Photo: Arne Ader
Plantations of cultivated sea buckthorn colour our landscapes at roadsides.
The fruit of sea buckthorn, a drupe, is oval-shaped, yellow to orange-red in colour. The fruits are attached by short stalks, strongly and tightly to the branches - only to the previous year’s ones. Fruits begin to ripen in mid-August. Harvesting is actually the most difficult task and wants both time and patience. It is not worth delaying the picking. The fruits will not drop off from the shrub but when over-ripe they get crushed by the picker’s fingers and lose their value.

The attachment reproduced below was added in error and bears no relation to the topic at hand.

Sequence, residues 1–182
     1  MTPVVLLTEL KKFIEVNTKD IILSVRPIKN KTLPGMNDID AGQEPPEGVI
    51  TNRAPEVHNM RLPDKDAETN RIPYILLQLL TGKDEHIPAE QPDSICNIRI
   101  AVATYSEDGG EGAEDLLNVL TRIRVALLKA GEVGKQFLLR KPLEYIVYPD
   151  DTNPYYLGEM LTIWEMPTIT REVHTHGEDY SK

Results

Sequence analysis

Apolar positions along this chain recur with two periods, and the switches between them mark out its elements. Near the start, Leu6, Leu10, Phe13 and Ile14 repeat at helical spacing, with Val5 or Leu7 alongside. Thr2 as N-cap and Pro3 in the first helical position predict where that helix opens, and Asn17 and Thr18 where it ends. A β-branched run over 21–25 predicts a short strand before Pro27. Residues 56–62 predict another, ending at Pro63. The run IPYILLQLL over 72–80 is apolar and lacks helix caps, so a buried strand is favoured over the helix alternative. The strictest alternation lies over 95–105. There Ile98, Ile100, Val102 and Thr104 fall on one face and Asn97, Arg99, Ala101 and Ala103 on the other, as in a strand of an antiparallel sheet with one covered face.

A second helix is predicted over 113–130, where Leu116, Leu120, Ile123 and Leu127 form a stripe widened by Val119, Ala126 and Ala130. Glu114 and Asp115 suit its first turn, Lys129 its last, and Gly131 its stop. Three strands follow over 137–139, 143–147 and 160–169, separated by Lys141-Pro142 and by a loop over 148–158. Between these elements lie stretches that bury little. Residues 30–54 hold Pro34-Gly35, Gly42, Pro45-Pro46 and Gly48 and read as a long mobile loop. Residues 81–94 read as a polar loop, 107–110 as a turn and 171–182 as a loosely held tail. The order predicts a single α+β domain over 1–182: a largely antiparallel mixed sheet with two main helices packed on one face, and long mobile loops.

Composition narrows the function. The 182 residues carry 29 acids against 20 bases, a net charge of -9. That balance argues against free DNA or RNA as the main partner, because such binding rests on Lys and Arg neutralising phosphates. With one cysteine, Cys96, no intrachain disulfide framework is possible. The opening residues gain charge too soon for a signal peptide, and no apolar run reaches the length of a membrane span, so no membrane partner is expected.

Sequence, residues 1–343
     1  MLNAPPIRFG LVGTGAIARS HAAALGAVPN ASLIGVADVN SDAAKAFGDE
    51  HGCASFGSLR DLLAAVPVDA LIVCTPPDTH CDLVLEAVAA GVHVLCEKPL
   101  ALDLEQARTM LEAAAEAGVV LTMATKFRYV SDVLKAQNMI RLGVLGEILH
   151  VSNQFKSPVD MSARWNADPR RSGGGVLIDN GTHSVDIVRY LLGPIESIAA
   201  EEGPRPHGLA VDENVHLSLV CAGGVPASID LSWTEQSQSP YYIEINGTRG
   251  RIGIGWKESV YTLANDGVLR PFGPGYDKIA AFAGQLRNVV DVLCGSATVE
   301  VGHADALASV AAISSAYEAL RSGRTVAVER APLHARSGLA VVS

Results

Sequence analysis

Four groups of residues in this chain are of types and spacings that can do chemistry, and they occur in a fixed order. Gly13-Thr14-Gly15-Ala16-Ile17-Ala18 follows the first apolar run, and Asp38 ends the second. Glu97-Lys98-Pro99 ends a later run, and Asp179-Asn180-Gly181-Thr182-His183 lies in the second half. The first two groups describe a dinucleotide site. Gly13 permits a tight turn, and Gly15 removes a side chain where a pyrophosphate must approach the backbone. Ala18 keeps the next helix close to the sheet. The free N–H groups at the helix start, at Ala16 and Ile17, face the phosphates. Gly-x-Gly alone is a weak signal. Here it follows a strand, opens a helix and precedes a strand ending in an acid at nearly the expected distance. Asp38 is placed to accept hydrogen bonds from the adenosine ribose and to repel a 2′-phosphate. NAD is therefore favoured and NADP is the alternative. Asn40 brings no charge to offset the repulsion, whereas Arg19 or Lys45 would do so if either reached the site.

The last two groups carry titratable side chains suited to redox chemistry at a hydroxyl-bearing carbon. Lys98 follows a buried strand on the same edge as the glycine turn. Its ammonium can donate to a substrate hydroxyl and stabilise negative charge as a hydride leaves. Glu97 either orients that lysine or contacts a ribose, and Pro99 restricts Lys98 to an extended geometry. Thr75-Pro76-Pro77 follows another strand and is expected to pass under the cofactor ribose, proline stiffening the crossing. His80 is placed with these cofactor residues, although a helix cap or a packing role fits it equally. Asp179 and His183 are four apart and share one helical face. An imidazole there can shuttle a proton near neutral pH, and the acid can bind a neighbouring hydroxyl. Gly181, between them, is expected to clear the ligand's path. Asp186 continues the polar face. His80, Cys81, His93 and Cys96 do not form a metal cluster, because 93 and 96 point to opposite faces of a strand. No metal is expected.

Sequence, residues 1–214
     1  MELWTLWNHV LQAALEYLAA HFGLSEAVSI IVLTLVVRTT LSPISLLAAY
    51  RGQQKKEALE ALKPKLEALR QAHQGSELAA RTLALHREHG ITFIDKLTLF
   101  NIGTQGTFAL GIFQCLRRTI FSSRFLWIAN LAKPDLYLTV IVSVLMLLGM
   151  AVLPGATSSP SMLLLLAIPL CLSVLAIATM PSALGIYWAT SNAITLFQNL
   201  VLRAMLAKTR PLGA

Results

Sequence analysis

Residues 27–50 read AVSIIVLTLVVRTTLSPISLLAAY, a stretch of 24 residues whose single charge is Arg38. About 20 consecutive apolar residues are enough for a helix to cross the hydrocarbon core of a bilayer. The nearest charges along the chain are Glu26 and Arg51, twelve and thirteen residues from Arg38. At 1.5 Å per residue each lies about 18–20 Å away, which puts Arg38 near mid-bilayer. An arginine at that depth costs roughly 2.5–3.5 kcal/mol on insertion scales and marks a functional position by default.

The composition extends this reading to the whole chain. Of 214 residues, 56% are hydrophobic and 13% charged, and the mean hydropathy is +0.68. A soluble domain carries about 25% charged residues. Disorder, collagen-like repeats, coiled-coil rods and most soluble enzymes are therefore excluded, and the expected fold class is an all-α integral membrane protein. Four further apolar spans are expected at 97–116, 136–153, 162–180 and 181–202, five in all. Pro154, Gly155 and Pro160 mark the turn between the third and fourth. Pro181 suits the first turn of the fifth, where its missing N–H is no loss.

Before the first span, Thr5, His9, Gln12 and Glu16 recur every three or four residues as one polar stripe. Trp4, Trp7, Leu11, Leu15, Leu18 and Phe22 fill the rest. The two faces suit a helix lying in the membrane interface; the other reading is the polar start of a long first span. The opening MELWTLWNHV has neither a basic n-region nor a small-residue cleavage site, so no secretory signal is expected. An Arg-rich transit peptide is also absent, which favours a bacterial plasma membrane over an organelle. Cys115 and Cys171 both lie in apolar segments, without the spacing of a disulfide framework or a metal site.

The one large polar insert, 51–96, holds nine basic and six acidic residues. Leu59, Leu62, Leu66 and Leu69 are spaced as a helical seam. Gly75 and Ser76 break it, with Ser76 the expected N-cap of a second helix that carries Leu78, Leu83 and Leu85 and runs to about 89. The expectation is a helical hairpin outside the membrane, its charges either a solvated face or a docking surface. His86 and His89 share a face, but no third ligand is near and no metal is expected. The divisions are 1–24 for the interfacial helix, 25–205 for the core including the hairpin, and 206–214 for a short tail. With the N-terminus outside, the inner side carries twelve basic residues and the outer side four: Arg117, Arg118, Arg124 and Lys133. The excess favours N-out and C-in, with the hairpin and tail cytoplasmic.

The shrubs begin to bear fruit at three-four years old and will produce a harvest for as long. From a mature shrub we can get more than ten kilos of fruits.
Birds prefer fully ripe fruits and so they will not compete with pickers who are in time.
Much has been written about the medical properties of the sea buckthorn: